Royal Mail general counsel Neil Harnby is leaving the company at the end of this year after four years at the helm of the company’s legal team.

Harnby, who featured in The Lawyer’s Hot 100 list in 2014 and whose team won The Lawyer’s In-House Team of the Year award that same year, has decided to step down two years after the company floated on the London stock exchange.

Harnby has confirmed plans to take a sabbatical from the company, with the aim of returning to an in-house role in the near future. His replacement has yet to be announced.

Before joining Royal Mail, Harnby was the general counsel for Europe, the Middle East and Africa for GE Capital for three years (10 August 2009). Harnby had been a partner at Linklaters since 2004 and was based in London. Prior to joining the firm, he was an associate at legacy Denton Wilde Sapte, now Dentons, and legacy Rowe & Mawe, now Mayer Brown.

At Royal Mail, Harnby’s team steered the company through the politically charged IPO (6 June 2013), negotiated an industrial relations agreement with the Communications Workers Union (CWU) covering some 139,000 employees, and brought the legal team into the heart of decision-making at the company (23 February 2015).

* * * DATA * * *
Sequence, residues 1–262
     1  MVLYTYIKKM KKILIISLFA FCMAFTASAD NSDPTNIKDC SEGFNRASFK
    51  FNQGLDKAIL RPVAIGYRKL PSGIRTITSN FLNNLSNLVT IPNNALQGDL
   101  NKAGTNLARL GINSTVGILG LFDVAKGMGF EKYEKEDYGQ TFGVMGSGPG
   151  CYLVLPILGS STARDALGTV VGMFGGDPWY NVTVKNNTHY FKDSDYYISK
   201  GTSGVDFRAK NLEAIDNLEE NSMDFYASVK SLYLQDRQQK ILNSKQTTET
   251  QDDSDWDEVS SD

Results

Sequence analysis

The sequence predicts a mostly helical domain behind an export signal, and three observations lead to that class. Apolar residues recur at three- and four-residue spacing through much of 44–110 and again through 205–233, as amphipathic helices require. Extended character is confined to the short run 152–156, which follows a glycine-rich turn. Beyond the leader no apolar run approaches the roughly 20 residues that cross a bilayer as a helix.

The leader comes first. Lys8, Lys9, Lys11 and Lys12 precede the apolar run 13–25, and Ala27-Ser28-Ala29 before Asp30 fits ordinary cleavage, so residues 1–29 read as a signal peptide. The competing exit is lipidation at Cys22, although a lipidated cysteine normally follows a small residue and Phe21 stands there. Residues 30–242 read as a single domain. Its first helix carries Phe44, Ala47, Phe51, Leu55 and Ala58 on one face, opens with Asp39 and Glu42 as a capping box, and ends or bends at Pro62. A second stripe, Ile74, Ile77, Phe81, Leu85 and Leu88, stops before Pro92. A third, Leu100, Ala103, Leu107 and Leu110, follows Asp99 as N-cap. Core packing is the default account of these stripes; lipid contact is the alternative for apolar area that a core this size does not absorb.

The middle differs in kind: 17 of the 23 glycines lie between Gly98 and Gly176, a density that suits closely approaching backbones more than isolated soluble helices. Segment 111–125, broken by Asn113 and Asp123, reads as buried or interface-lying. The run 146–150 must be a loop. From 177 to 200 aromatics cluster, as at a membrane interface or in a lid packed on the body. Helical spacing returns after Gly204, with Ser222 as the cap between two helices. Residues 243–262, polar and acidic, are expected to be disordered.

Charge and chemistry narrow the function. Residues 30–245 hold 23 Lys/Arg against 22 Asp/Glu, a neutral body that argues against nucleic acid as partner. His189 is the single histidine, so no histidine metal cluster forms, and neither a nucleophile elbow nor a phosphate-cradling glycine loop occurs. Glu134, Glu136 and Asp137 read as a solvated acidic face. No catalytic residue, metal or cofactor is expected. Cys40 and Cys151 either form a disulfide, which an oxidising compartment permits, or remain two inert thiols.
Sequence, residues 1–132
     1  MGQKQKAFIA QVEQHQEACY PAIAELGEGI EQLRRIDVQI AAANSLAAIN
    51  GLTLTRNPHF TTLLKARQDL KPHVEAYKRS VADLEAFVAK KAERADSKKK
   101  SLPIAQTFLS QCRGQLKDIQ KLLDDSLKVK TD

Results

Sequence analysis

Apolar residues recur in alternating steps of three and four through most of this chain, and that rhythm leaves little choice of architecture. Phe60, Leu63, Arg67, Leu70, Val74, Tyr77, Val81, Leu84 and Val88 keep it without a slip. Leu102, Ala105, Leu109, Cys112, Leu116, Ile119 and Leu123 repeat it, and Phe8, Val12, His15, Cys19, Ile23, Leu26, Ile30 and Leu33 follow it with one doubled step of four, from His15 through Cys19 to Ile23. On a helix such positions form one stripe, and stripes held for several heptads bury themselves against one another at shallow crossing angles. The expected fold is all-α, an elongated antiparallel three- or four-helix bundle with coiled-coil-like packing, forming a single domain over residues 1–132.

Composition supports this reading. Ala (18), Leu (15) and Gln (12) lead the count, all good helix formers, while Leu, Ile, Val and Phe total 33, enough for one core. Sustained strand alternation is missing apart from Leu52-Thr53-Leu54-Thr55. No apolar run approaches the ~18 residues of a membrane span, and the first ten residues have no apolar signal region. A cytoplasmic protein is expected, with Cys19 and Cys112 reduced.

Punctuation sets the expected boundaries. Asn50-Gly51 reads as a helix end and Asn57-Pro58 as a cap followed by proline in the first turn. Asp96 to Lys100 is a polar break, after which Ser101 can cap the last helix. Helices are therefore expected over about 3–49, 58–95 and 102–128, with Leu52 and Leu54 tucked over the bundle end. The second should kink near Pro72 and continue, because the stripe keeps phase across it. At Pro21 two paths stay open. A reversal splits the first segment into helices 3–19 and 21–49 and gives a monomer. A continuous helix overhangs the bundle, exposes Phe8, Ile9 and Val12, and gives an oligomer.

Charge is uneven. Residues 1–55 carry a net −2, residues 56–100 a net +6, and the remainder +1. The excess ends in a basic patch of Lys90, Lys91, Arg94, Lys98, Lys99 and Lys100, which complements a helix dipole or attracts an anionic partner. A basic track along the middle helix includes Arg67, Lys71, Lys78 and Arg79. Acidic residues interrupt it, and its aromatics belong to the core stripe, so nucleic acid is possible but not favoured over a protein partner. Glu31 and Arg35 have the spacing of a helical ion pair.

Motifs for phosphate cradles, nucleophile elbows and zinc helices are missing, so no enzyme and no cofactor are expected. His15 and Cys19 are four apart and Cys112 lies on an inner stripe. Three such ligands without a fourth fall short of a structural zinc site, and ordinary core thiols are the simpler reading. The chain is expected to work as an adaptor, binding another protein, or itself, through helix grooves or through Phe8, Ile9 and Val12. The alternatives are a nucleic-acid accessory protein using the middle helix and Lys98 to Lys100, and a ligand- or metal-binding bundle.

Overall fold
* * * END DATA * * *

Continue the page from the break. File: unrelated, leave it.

Royal Mail finished its first panel last year, dropping Bond Dickinson on an expanded roster (27 November 2014).

Royal Mail now has an 15-strong legal line-up, with Addleshaw Goddard, Bristows, CMS Cameron McKenna, DAC Beachcroft, Dentons, Herbert Smith Freehills, Macfarlanes, Michael Simkins, Slaughter and May, Strata Solicitors and Weightmans on the main panel.

In Northern Ireland the company uses Carson McDowell and Napier & Sons, while in Scotland it uses Morton Fraser.

Harnby also oversaw the relaunch of Royal Mail’s training contract and the launch of a work experience programme to staff and their families (14 January 2015).

This news comes after Freshfields Bruckhaus Deringer retained its role for the Government on the future of Royal Mail, advising as the Department for Business, Innovation and Skills (BIS) sells its remaining 30 per cent stake in the company valued at around £1.5bn (8 June 2015).